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Typhoon’s Music of Sickness, Death, and Healing

“The Songs of Sickness can become the Songs of Healing”1

Kyle Morton’s Battle With Lyme Disease

Typhoon is a rock band out of Portland, Oregon known for their powerful songs performed by twelve members and many instruments. Lead singer Kyle Morton influences many of these powerful lyrics. Kyle, now 27 years old, battled and nearly lost his life to Lyme Disease as a child. He had multiple organ failures and had a kidney transplant with a kidney donation from his father. Now as an adult, Kyle “feels like he is living on borrowed time” and “past his expiration date.” Therefore, in writing lyrics for Typhoon’s music, “he thinks about his mortality a lot.” These songs have “uplifting melodies,” but underneath these melodies are much darker lyrics. It is through this music that one can find Kyle Morton’s “sincere appreciation for the gift of life.”2

Influence on Song Writing

In an interview with The Daily Emerald, Kyle Morton describes the writing process as “trying to figure out what it means to be sick and what it means to be healthy.”3 In a separate interview, he says that in performing these songs with twelve other people on stage, “the songs of sickness can become the songs of healing.” Kyle discusses how Lyme Disease affected his childhood and how it has created a lot of bitterness in his life. As a child, he imagined plans that he wanted for his life, and then the Lyme Disease changed those plans and he had to adapt. He says that he didn’t have the life of a normal child because of this disease and the pain.1


One will recognize many of these themes in Kyle Morton’s songwriting. On a former record the song “Summer Home,” references “a bug that bit [him].” Kyle describes this bug as a “beast,” and as a “thing that affects your life” without ever seeing it. This bug is a symbol of “when you first realize that some of these promises you have, assume or take for granted that you deserve it, and that’s a pretty sobering moment.” The song “Sickness Unto Death” explicitly draws one’s attention to Kyle’s ability to transform his thoughts of Lyme Disease and mortality into a powerful song. 1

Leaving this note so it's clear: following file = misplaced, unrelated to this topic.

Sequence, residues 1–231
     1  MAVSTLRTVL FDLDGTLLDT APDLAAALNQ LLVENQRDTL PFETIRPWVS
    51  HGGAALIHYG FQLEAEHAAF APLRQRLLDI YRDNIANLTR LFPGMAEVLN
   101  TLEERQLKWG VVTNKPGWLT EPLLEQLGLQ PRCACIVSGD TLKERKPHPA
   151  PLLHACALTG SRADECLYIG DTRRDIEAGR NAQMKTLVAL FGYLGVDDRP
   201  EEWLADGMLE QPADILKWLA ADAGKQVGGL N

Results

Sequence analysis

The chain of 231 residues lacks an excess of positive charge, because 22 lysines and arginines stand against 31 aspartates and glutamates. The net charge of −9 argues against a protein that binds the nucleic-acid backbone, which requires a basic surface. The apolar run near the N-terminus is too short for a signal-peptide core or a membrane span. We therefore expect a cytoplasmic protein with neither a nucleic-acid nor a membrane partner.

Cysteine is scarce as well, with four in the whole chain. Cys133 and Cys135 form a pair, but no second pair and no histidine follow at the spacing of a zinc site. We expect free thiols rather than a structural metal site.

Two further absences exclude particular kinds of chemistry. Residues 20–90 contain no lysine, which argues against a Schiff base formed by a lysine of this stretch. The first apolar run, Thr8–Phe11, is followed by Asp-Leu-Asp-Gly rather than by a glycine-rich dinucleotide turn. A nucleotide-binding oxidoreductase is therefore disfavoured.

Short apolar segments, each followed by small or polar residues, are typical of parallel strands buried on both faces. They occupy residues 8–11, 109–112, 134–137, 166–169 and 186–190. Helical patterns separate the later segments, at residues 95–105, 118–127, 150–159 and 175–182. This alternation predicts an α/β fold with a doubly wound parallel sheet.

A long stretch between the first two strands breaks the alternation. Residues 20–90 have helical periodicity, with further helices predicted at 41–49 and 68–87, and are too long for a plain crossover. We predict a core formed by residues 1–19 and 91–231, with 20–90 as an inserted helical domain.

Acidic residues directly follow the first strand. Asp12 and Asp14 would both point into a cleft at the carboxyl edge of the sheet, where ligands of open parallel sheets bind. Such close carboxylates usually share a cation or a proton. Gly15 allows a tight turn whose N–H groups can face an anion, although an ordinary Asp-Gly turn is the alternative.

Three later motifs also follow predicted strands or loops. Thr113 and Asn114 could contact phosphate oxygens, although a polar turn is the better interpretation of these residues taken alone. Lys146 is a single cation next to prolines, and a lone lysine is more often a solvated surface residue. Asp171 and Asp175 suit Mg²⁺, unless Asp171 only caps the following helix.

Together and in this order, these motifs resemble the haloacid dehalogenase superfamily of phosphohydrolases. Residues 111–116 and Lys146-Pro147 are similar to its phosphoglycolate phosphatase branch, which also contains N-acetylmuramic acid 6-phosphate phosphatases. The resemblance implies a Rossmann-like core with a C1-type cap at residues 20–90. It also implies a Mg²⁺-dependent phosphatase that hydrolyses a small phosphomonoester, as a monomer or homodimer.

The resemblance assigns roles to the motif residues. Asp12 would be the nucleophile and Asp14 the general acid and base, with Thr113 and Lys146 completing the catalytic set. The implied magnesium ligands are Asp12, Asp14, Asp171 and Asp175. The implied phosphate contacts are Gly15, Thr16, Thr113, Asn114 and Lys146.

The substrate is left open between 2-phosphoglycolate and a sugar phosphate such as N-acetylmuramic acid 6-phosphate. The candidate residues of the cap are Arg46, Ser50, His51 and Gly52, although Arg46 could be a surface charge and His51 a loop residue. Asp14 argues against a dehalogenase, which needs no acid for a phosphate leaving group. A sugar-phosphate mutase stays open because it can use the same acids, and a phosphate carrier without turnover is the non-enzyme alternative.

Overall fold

Learn more about Kyle Morton and Typhoon by visiting their website.



1. Browne, Heather. “The Songs of Sickness Can Become the Songs of Healing”: The Typhoon Interview.” I am Fuel, You are Friends. Fuel/Friends LLC, 13 Mar 2012. Web. <http://www.fuelfriendsblog.com/2012/03/13/the-songs-of-sickness-can-become-the-songs-of-healing-the-typhoon-interview/>.
2. Boiled, Bob. “First Listen: Typhoon, ‘White Lighter’.” First Listen. NPR: 4 Aug 2013. Web. <http://www.npr.org/2013/08/06/207905137/first-listen-typhoon-white-lighter>.
3. Pittenger, Tommy, and Thomas Fury. “Emerald Q&A with Typhoon’s Kyle Morton.” Daily Emerald [Oregon] 4 March 2012. Web. <http://dailyemerald.com/2012/03/04/typhoon-makes-a-splash-at-wow-hall-a-q-and-a/>.


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